by their agents among the prisoners.
- How did these agents act?
- They created unbearable conditions around me. Not all the prisoners
openly cooperate with the administration, some do that in secret and
have the trust of other prisoners. They tried to create artificial
isolation around me, deprive me of the possibility to fully communicate
with anyone and thus break me psychologically.
- What help you to hold on all these three years. You went to prison as
a 20-year old boy.
- My beliefs and principles, my comrades, who constantly supported me. I
have kept my beliefs and am not going to refuse from them.
- Mikalaj Statkievich reported that the authorities try everything in
their attempts to break political prisoners, up to rape threats.
- They did not threaten me personally with that, but I believe that
Statkievich’s situation is very complicated, because as for today he is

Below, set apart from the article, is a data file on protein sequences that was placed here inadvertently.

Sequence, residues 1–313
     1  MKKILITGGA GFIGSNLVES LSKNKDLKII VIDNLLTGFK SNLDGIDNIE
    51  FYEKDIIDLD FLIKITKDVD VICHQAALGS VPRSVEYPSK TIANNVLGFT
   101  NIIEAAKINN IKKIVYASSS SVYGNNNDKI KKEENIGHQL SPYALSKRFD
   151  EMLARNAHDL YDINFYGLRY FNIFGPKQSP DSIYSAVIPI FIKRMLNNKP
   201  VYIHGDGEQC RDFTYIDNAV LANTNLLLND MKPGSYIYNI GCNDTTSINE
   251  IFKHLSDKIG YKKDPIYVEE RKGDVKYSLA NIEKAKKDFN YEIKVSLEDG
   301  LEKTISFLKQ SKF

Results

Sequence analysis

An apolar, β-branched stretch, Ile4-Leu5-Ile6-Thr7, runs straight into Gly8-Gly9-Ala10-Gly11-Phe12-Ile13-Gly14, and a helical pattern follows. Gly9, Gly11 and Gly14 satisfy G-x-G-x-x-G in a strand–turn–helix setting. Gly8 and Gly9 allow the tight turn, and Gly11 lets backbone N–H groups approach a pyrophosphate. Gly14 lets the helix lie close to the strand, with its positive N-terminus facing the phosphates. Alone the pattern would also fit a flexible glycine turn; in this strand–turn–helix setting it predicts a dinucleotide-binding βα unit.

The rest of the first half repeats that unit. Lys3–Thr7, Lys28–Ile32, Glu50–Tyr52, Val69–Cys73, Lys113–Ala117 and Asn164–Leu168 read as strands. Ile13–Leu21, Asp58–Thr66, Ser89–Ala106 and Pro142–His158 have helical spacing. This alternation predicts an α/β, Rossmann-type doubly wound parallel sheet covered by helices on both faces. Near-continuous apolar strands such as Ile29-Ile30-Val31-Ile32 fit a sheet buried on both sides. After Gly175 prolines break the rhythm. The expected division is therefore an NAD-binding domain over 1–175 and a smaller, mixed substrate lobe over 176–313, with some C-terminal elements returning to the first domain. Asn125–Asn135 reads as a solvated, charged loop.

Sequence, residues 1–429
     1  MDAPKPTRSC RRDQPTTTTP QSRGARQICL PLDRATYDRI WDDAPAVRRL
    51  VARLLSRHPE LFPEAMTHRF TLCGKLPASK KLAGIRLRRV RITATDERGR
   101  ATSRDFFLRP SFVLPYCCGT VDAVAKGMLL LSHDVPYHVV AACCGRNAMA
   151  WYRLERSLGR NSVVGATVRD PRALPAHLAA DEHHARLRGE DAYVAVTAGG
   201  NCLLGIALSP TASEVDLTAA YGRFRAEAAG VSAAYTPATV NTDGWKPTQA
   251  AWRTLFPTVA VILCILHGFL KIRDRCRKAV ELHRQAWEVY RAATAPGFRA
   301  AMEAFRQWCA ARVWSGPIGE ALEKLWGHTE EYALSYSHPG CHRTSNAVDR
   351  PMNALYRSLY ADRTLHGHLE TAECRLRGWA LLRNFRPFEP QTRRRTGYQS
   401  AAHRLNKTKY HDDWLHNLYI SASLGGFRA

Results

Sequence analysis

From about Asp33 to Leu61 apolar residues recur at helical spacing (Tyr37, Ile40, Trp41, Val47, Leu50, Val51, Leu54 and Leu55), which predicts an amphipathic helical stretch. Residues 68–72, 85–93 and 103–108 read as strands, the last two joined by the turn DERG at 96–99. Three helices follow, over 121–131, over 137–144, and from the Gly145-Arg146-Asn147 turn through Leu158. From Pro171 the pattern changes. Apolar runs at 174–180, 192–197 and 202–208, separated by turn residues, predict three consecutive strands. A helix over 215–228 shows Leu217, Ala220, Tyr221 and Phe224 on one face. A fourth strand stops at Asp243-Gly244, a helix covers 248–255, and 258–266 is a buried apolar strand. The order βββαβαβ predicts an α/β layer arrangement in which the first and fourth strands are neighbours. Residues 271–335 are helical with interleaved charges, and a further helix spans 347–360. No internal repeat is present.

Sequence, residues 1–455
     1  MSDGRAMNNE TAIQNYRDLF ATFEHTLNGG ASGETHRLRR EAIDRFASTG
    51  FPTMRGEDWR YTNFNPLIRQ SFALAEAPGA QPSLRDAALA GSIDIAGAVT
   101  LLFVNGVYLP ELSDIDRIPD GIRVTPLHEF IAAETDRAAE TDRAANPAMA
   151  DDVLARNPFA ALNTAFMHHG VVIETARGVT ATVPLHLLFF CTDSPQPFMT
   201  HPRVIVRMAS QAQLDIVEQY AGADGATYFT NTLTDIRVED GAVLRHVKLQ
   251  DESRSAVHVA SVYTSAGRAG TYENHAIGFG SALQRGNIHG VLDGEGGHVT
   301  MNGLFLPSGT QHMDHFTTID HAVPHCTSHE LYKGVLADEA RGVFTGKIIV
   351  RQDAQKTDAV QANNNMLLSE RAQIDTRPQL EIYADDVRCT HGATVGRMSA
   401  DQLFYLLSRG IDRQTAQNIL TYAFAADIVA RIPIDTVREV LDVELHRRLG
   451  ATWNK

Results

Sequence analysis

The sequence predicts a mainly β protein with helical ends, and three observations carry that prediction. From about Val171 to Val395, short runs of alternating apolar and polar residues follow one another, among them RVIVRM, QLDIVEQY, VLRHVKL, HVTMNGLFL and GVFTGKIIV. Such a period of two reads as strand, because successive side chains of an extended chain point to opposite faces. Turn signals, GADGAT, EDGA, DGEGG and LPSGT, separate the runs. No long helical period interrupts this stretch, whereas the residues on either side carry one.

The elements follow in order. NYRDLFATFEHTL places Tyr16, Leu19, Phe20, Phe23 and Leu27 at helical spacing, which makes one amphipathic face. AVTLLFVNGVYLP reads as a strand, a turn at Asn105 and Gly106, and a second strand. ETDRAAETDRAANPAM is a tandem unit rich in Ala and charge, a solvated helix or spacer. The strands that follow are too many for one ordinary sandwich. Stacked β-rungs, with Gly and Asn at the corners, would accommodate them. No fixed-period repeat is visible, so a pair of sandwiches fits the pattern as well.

the only presidential candidate in prison, he has quite a principled
position, he has a strong influence in the media and, of course, this
strongly irritates Lukashenka and his entourage.
- Now you’ll be under supervision for half-a-year. What does it imply?
- I have to be at home from 10 p.m. to 6 a.m., inform police if I move
to another place of residence, do not leave the district without police
department’s approval. I cannot go to bars, restaurants, places, where
they sell alcohol, although this ban is quite weird, since I do not
drink alcohol at all.
- What are your nearest plans at large?
- I am going to Minsk now. There I will make a job agreement. After a
short adaptation period at home in Navapolatsk I will come back.